‘GoodDog’ was one of my son’s (Ruben) first words. First thing he does when we get downstairs in the morning is to look for the ‘gooddog’. He has learned to pat our dog (Mayhem) gently and gets hours of amusement by bringing things to the dog to examine/eat. When he is in other people’s houses he searches their gardens for their ‘gooddog’, because clearly it must be around here somewhere – I mean, doesn’t every garden have a dog?
If Ruben hears Mayhem whimper in the other room he will drop what he is doing and go investigate that the ‘gooddog’ is ok. This included learning how to open the kitchen door which heretofore impeded the investigation.
On the flip side when the little boy goes away for a few days Mayhem mopes and howls because he misses his little friend. No amount of attention from others in the house can substitute affection from the little boy.
It’s probably that because my son is an only child that the dog by default has become his best friend, but there is no denying the bond.
However, as lovely as all this is now, it took some consideration to ensure that it was so, and that there were no jealousies between the two. Some of the things we did were:
- The dog never slept in our room, he always slept downstairs. If the dog does sleep in your room at the moment move him out now before the baby arrives, that way the move can not be associated with the arrival of the baby.
- Similarly Mayhem was always in the sitting room/kitchen with us. There will be times when the baby arrives when the dog will need to be in the other room or outside. Start doing that now, on random occasions put the dog out of the room. This is to show him that being put out is not a punishment, its just another place for him to be.
- Restructure the dog’s walk so that it is either something one partner can cover while another watches the baby, or is something that can be done with the baby. Some people give their dogs two short walks a day, others give one longer walk, either is fine. In the first few weeks consider outsourcing this chore to either a dog walker or any one who says the words ‘let me know what we can do to help!’.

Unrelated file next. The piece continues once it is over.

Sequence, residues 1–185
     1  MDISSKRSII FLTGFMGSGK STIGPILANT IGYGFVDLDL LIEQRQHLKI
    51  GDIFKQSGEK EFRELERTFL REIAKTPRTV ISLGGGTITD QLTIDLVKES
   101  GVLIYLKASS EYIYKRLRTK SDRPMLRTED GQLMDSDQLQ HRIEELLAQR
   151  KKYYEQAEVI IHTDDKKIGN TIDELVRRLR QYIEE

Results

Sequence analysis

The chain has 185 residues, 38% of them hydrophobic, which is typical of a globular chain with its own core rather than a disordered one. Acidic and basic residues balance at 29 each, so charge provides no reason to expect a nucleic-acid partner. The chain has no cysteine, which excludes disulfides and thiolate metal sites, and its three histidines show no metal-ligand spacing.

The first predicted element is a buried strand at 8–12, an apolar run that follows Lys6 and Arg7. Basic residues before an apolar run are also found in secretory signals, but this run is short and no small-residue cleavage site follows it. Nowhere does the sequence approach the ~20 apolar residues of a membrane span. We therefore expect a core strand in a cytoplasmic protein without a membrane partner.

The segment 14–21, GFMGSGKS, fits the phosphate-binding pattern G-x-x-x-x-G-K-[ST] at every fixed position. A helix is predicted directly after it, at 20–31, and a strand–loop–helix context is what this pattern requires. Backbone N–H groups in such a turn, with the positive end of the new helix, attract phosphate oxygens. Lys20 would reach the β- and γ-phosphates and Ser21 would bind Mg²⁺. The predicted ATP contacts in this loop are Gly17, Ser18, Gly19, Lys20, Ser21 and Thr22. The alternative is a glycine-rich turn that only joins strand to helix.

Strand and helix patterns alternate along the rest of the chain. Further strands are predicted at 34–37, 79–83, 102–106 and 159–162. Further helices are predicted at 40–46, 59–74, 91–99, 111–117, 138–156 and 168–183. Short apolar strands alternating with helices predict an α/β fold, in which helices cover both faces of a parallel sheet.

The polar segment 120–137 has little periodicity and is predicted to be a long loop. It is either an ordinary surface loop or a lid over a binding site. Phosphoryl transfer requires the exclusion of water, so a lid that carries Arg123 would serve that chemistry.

- When the baby arrives try to maintain the dog’s routine. From the dog’s perspective everything will be in upheaval, it will be getting less attention, there will be new people visiting the house and there is a new thing that keeps crying at night waking it up. There will be change all around and animals dislike change. Try to limit the impact of the change by feeding the dog at the same times, walking it when you used to etc
- Remove all toys. The baby will not understand not to chew the dogs toys and vice-verse. The only thing you can do to limit this is to remove the dogs old toys from the house and leave them in the garden to play. The dog will soon learn that all toys outside are for playing and those things that are inside the house that look like they should be toys are actually not for chewing. (I have to admit my level of success with this is only medium. Despite everything the dog did chew some of Ruben’s toys. And Ruben got his hands on some of the dogs toys which is worse! Uck!)
- Lavish affection on both at the same time. Hold the baby in your arms and pat the dog on the head. Sit with the crib on one side of you and the dog on the other. When the baby is young and playing on the floor, let the dog in the room but sit between the two. Show the dog that the new baby is not resulting in a decrease in affection for the dog.
- Ensure the dog understands the pecking order of the pack. Just as you did when you first got the dog, it is important that the dog understands that you are the pack leader and the other people in the house (including the new baby) are ahead of the dog in the pack.
- Discourage your dog from licking humans, or certainly from licking the baby. Dog tongues are full of bacteria and are not good for newborns. As my son started crawling my enforcement of this rule has decreased, but it was strictly enforced for at least the first 4/5 months.
- Be cautious of the dog around a newborn/pre-crawler, no matter how affectionate it is, and remember that dogs lift their babies by the scruff of the neck or head area. It would be dangerous for the dog to take on a mothering role, and see the baby as a puppy, so be mindful of this. Also dogs expect their young to be up and walking very quickly and will try to help the baby along – which you don’t want at an early stage
- Dogs like their puppies to sleep almost underneath them to keep them warm, so be careful of this particularity around big fluffy dogs.